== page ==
The top federal prosecutor in North Alabama says she is reviewing a lawsuit filed Wednesday by groups challenging Alabama’s law requiring people to present photo identification before they can vote. “We received a copy of the lawsuit … We are certainly reading the lawsuit with great interest,” said U.S. Attorney Joyce Vance. But Vance said it was “too speculative” at this point on whether the U.S. Department of Justice would get involved in the issue. But, she added, “we are acutely concerned with protecting the right to vote.”
Vance in October held what she called a listening session with DOJ civil rights and voting rights attorneys, local lawyers, and representatives from groups representing minorities, the poor, senior citizens and those with disabilities to discuss issues surrounding drivers’ license office closures, including its impact on people’s ability to get IDs that would allow them to vote. Drivers’ licenses are the most common form of photo ID, but the state law does allow for other forms of ID.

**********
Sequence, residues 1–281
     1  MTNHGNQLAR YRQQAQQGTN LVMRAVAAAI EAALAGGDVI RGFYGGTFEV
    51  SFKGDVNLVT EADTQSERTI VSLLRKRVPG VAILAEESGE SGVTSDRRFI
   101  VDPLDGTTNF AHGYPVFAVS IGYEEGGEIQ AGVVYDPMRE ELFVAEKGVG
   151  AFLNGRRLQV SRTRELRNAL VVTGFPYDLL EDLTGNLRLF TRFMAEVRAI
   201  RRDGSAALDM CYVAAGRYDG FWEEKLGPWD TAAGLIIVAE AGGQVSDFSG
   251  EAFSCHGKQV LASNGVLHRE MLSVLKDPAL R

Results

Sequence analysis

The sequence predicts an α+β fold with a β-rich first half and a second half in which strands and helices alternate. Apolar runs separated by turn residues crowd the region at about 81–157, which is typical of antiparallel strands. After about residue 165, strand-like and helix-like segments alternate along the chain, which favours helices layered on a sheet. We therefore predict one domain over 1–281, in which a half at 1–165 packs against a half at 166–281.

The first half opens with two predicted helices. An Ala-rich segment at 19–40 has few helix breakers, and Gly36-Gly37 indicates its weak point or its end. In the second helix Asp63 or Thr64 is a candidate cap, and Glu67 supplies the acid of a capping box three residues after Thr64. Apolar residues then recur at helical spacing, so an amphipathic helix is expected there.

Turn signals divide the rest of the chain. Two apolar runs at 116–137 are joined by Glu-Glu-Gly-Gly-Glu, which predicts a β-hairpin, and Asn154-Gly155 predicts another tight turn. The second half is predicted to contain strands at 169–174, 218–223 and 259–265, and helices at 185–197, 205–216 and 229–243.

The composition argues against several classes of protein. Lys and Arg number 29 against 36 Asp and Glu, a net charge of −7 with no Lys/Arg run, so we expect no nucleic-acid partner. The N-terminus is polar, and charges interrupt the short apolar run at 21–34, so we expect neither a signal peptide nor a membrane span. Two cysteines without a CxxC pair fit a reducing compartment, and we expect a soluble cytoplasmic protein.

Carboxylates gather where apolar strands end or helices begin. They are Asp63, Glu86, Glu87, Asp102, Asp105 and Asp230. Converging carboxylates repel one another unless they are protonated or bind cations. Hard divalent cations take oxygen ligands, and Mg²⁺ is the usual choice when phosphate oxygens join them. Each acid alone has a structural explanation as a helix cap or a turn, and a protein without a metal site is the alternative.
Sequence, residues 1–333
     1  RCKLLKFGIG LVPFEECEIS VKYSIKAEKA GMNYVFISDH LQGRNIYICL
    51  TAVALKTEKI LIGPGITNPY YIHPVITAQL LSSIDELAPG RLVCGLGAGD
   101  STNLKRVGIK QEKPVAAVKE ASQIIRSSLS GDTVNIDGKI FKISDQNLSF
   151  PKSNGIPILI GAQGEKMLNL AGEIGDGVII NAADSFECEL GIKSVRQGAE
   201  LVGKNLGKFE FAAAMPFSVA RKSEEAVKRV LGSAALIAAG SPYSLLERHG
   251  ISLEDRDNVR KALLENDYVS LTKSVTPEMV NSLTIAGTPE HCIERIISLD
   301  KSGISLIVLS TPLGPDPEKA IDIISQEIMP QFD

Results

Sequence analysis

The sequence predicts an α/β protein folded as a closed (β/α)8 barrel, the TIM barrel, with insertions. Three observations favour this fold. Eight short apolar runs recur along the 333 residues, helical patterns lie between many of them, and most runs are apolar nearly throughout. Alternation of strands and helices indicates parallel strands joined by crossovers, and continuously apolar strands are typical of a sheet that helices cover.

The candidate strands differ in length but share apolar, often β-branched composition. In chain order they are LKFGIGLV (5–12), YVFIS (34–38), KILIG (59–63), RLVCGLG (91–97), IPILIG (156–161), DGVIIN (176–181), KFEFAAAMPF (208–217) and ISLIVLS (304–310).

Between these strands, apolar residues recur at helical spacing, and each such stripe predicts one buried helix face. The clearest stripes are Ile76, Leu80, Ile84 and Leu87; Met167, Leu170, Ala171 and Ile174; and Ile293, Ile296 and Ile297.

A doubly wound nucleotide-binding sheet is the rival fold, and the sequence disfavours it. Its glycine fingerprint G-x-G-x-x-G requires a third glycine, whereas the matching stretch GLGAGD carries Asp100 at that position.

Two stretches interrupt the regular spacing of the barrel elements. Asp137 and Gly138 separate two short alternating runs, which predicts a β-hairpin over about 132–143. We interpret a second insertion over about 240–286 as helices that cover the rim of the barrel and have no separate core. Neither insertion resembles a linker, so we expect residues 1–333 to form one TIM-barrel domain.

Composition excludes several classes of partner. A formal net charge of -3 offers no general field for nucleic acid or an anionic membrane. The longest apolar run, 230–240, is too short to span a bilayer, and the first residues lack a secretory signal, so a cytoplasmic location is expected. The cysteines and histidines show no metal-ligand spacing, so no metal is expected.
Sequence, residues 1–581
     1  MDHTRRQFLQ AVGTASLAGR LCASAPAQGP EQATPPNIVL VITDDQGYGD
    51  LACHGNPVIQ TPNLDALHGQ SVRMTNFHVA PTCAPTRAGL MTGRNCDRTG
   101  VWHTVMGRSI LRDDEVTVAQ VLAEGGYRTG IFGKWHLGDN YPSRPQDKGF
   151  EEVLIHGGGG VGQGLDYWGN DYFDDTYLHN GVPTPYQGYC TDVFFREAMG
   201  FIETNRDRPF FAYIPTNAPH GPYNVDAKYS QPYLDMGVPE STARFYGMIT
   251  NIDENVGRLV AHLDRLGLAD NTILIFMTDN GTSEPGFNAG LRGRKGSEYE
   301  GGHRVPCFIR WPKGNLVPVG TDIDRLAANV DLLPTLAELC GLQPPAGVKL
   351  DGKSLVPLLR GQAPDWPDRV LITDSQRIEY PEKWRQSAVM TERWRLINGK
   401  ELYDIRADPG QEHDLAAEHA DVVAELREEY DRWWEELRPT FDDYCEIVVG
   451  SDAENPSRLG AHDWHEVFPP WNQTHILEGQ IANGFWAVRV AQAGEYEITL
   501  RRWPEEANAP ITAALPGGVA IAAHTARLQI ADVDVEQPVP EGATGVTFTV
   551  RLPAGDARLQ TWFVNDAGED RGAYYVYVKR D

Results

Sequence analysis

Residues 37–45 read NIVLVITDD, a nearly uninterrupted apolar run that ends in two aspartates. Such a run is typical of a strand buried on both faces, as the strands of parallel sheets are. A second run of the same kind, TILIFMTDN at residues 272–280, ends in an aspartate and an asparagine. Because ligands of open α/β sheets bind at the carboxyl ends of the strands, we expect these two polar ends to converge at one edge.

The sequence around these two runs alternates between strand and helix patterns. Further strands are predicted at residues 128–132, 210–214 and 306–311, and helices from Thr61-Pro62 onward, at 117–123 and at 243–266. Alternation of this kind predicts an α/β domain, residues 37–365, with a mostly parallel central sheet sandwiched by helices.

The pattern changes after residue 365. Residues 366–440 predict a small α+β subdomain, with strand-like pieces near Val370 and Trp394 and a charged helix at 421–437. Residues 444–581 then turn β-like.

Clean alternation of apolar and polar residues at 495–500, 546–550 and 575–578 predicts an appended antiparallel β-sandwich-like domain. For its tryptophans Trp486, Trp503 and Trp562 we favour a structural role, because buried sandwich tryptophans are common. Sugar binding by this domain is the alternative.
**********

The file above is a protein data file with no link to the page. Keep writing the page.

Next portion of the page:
Representatives from the NAACP, the NAACP Legal Defense Fund, and Greater Birmingham Ministries were involved in that meeting. But Scott Douglas, executive director of the ministries, said the lawsuit was already being considered by the time that meeting was being held.